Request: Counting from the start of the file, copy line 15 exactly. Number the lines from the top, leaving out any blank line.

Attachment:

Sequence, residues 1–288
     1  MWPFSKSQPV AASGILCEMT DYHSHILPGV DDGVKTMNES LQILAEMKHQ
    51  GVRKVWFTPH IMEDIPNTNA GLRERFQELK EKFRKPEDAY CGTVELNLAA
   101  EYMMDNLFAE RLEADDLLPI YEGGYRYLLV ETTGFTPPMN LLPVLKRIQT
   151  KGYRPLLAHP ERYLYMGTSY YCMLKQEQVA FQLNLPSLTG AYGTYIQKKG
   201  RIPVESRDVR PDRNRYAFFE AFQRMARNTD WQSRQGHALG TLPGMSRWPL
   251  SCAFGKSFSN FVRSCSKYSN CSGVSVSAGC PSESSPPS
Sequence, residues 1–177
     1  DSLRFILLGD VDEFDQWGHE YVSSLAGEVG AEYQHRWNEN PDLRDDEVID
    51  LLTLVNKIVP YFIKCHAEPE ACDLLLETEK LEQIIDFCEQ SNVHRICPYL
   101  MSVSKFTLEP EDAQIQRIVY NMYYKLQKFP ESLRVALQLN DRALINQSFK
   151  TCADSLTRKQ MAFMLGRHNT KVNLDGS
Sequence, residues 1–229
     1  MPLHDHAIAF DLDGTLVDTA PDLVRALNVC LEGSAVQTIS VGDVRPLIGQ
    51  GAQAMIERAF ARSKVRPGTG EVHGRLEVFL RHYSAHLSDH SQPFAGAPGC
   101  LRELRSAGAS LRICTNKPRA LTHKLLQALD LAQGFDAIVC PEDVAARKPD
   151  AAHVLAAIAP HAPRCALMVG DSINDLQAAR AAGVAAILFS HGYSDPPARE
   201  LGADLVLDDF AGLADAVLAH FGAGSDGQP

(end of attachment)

    51  GAQAMIERAF ARSKVRPGTG EVHGRLEVFL RHYSAHLSDH SQPFAGAPGC